Dunkirk 1940 Through a German Lens
“The necessity for the evacuation of the British Expeditionary Force has been a matter of controversy for many years and has divided the opinions of historians down party lines since the evacuation itself. My general view is that mistakes were made on all of the allied sides. . .”
The German High Command called the May 1940 campaign in and around the French port city of Dunkirk the greatest annihilation battle of all time, and the amount and variety of materiel involved and the concentration of manpower is vast. If this topic is at all on your mind you will surely have watched the 2017 movie of the same name. It is already hailed as one of the great World War II films (certainly the highest-grossing yet), not least because of its emphasis on cinematography and music rather than dialog.
In keeping with the name of this publisher’s new series, Camera On, this book too emphasizes the visual over the narrative, featuring a trove of b/w photos taken by German soldiers that come from private collections and have mostly never been seen in print before. Much of the movie was shot at the scene of the real evacuation (the street scenes are from nearby Malo-les-Bains because most of the buildings in Dunkirk were destroyed during the war) but whereas the movie tells the story through the eyes of a British private who is the sole survivor of a German ambush, this book portrays Operation Dynamo, specifically the aftermath through, as the subtitle says, a German lens.
Alan Ranger, whose name is on all the five or six Camera On books so far, presumably functions as the editor. As a Royal Engineer in the British Army and an engineer in civilian life he certainly has an eye for the equipment, and as a war historian in general he has a grasp of the big-picture factors that inform the thinking of tacticians and strategists. However, as the book contains only two pages of introductory text aside from the photo captions, it is largely left to the reader to bone up on context elsewhere.
Presumably, whatever annotations the original German photos may have had scribbled on them as to subject matter, Ranger, as editor, would have checked or augmented them. On that score, there are a few doubtful identifications of equipment but these are minor and in no view hurt the book. If anything, the photos are quite remarkable in terms of quality and composition, not least the fact that they survived at all.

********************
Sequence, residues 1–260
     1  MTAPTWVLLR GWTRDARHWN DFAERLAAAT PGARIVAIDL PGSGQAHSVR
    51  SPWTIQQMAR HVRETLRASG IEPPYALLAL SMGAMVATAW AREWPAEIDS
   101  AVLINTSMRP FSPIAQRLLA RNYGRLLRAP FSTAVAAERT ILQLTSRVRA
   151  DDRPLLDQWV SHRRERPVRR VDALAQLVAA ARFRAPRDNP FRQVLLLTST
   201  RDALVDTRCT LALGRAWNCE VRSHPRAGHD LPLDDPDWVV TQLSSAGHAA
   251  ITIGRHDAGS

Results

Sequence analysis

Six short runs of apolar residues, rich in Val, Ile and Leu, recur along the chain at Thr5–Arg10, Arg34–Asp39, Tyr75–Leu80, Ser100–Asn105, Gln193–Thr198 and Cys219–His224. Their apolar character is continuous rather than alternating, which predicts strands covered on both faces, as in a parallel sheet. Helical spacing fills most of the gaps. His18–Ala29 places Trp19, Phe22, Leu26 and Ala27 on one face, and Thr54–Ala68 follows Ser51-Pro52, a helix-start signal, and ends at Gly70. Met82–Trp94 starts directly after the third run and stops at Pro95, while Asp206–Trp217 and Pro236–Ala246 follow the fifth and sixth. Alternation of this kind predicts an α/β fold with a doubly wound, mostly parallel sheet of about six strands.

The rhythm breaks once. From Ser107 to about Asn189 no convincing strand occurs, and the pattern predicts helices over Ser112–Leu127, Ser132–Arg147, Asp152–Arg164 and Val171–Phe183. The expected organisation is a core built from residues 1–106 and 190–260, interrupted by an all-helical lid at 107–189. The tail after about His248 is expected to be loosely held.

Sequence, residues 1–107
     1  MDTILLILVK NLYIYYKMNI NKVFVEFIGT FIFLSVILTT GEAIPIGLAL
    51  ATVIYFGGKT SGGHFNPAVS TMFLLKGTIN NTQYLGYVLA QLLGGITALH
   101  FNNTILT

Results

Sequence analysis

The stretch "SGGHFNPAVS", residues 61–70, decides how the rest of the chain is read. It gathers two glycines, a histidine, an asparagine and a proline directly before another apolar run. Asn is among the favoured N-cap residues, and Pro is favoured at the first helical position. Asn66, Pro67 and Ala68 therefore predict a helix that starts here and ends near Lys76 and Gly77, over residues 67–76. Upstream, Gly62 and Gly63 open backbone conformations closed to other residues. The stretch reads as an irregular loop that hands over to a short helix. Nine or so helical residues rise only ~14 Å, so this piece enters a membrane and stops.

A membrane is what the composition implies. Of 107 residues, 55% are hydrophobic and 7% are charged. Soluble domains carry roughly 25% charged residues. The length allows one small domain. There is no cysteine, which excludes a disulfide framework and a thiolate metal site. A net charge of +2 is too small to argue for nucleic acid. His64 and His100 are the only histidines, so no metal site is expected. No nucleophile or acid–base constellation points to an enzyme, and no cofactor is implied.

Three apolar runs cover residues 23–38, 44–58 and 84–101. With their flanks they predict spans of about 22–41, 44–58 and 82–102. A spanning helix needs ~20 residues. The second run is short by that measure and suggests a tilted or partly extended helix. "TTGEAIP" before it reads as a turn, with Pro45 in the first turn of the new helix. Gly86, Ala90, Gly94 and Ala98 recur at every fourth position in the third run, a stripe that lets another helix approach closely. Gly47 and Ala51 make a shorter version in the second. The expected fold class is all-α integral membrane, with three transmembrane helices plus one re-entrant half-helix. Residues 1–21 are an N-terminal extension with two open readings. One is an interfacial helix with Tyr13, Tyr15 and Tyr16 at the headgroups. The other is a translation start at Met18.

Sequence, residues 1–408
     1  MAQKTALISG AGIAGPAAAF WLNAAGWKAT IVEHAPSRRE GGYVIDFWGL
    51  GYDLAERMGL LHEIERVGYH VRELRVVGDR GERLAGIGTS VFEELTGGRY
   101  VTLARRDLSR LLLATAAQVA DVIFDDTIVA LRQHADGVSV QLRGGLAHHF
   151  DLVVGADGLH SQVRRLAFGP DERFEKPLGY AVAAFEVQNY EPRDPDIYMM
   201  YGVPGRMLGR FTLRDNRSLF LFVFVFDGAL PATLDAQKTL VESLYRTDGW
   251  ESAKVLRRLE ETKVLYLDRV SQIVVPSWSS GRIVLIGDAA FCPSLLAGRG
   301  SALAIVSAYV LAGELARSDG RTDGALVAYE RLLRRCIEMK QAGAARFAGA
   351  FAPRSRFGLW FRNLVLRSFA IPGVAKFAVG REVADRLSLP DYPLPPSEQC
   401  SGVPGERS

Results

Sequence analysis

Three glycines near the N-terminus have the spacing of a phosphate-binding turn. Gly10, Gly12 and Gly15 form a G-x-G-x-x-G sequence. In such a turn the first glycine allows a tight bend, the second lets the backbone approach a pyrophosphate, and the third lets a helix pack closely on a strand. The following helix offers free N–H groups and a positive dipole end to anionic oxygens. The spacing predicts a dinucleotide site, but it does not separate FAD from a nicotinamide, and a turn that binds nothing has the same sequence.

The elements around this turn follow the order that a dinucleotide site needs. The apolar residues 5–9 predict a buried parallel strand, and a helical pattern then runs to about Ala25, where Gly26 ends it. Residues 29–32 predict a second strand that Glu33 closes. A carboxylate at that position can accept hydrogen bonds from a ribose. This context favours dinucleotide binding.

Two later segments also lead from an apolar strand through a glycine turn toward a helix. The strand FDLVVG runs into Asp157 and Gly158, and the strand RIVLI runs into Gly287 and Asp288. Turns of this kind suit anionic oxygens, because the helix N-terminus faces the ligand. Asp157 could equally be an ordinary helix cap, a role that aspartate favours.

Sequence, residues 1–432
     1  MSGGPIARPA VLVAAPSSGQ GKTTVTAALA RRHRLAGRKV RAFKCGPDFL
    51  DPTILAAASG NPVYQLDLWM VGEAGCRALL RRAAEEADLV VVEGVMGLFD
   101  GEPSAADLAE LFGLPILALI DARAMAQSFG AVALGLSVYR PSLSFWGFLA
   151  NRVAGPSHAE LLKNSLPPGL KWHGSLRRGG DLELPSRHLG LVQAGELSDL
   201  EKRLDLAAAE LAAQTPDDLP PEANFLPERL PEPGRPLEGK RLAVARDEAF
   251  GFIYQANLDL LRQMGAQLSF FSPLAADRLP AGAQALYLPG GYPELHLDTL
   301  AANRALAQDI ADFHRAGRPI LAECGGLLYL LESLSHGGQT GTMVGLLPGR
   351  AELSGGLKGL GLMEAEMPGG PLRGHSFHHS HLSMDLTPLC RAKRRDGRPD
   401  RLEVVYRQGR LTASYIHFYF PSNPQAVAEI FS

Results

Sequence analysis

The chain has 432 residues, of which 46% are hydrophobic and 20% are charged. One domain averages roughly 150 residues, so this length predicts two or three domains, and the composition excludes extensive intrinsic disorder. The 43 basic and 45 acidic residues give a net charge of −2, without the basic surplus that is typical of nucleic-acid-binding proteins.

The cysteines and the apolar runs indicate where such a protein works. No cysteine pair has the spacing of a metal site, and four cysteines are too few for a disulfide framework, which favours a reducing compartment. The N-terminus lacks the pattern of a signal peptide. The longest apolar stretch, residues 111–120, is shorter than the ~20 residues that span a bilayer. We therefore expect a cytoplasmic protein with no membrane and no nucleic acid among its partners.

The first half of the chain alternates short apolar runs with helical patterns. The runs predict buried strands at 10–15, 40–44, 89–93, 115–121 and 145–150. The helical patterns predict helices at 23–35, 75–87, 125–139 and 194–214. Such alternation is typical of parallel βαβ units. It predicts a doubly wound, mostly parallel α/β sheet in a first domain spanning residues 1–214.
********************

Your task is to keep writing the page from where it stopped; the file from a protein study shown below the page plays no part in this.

Another assumption a reader would make in the absence of guidance from the author is that the photos included here, however authentic and free of state propaganda they are, were selected purposely for their omission of any scenes of the violence, suffering, and atrocities that constituted the very core of the Dunkirk episode. From ships and trucks to various forms of armor and aircraft to assorted buildings and even images of POWs, the lens remains firmly trained on “safe” subjects, meaning here too a reader new to the subject must look elsewhere to gain a more rounded understanding.
Modelers and diorama builders will find plenty here to spur the imagination.
It bears pointing out that the publisher is in Poland but has a British owner. Their annual output is considerable but quite often language/translation issues run totally amok. How it is possible to cram this many typos into only two pages of text is an accomplishment of sorts, and even after years of hoping against hope, one can only wish that, some day, such avoidable mistakes will be overcome.
Lastly, odd as it seems, those who have the desire to make a study of Dunkirk a family affair may pick up the accompanying 32-page booklet by Dariusz Grzywacz, Operation Dynamo, Dunkirk 1940—A Coloring Book (ISBN 978-8365281609). It contains 15 pieces of line art to colorize, accompanied by a b/w photo and basic specs and description.
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